Veteran comedian Bill Burr, who plays Saul Goodman’s henchman Kuby on Breaking Bad, describes how to play a tough guy and why nothing’s funnier than a man running from the cops.
Q: Have you worked any of your experiences on Breaking Bad into your stand-up routines?
A: If I go on a radio show, I might tell some self-deprecating story of me blowing a line, but for the most part it’s like a locker room: What happens there stays there. I’m trying to get more work, not less work, you know?
Q: Did you learn anything from any of the actors on set that you incorporated into your own performance?
A: I will tell you this: I hung around the set as long as I could. I watched Bryan [Cranston] and Bob [Odenkirk] do a scene in the law office and I felt like I was watching 10 years of acting class. Watching the adjustments they made — they make it look easy. I also tried to hide how much of a fan I was of the show. I poked my head into the superlab and I had my poker face on, but I was totally geeking out. I’m one of those guys that would have bought the Winnebago if they hadn’t burned it down.
Q: Who’s the funniest guy on Breaking Bad (besides yourself, of course)?
A: I’m speaking as a fan. There’s so many different laughs on that show. Jesse’s character is always saying something funny, and then tagging it with the word “bitch.” Hank when he was grouchy and saying mean and insensitive things. That show is the kind of humor I think is real life humor. I mean, how many times has Mr. White had his windshield broken? Every time it gets fixed it gets blown again. And that happens to me!
Q: In Season 4 you play a tough guy forcing Ted Beneke to cut the IRS a check. You ever collected on a debt like that before?
A: Not at all. If anybody like that showed up at my door, I would give them everything I have. That’s why it’s so fun to play this guy.
Q: Did you base your character off anyone?
A: I met this guy one time who used to do security for the Rolling Stones. He said the reason he got hired was not because he kicked the shit out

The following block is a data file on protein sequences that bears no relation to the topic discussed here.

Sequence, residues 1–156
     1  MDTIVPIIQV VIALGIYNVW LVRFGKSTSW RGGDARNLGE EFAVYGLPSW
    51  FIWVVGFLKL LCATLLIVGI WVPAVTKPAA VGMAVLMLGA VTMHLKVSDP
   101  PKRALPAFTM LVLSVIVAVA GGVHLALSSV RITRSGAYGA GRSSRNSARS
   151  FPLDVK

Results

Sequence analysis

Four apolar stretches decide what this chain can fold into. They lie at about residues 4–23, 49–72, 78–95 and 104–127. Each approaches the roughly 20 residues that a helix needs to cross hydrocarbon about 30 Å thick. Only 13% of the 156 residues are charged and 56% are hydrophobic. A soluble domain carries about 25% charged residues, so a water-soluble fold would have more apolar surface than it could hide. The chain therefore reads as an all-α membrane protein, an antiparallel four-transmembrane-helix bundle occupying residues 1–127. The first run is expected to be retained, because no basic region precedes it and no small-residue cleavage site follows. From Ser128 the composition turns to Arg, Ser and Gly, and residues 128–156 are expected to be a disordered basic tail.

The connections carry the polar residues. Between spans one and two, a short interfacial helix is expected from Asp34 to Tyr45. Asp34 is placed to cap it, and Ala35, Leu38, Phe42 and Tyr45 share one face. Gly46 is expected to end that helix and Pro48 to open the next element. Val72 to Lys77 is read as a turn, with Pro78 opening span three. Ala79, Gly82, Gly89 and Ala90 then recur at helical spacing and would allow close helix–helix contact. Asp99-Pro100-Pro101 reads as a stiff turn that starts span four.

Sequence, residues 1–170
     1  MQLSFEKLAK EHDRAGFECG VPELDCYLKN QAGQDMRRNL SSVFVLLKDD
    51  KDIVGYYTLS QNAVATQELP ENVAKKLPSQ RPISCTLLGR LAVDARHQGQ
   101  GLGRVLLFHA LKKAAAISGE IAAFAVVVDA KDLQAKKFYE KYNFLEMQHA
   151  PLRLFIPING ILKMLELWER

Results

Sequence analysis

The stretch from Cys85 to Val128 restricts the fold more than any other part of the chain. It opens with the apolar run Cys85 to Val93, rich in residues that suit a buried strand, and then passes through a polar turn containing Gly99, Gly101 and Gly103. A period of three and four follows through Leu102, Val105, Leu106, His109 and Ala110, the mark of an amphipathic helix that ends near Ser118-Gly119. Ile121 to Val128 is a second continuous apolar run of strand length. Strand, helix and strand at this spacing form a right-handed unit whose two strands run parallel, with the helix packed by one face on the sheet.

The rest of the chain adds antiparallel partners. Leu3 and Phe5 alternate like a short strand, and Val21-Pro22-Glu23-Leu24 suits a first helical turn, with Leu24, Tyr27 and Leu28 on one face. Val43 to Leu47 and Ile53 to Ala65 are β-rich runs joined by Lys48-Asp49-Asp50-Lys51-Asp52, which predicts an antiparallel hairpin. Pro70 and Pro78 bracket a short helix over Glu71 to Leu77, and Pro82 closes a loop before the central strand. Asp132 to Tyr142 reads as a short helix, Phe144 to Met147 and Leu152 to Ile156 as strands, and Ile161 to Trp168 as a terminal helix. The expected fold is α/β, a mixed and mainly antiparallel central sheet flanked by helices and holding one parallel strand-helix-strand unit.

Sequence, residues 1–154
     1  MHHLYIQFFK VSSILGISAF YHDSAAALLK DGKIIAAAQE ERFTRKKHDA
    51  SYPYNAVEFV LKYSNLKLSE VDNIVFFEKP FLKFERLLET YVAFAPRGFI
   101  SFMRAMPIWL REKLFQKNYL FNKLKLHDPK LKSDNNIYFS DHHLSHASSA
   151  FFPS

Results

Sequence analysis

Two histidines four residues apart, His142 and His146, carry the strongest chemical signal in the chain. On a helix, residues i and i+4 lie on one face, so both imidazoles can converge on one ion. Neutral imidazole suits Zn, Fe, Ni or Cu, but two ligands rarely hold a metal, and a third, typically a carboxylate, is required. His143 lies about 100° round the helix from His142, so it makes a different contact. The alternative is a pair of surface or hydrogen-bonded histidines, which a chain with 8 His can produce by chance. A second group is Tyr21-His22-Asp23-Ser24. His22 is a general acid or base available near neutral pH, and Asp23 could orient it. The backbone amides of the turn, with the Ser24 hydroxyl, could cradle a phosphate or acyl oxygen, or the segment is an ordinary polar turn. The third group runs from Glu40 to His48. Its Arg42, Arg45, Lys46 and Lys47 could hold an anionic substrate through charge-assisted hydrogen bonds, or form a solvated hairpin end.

of anybody, but because he didn’t have to. And that was sort of the vibe. I looked at the scene and I tried to go into it like a guy who works in customer service, like, “Hey how ya doing, we need this check, just write it and then we’ll cash it and we’re all good and you don’t have to get hurt and we don’t have to make a mess.” This guy doesn’t want to get into a fight. That’s messy and it hurts your hands.
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Q: How does Breaking Bad compare to other projects you’ve been a part of?
A: I’ve done nothing drama-wise on that level. I get to have these little roles in these great movies, maybe that’s my career. I’ll be the truck driver in the next Godfather, and I’ll take it.
Q: If you had to play one role for the rest of your life, would you rather it be tough guy or comedic?
A: Tough guy because you can also do comedy in those roles. I mean, take Scarface: Pacino’s funny, even when’s he’s doing something crazy. I think about when I watch those cop shows, with people running from the cops and stepping on the gas in their cars. Once you see the helicopter, it’s like dude, you’re not getting away! They’re throwing the tire spikes and driving in reverse like 40 miles an hour, but that’s how much jail sucks — you see a helicopter following you and still think you got a chance. I think there’s so much comedy in that — but those are like, bad guys. That’s why I love Breaking Bad.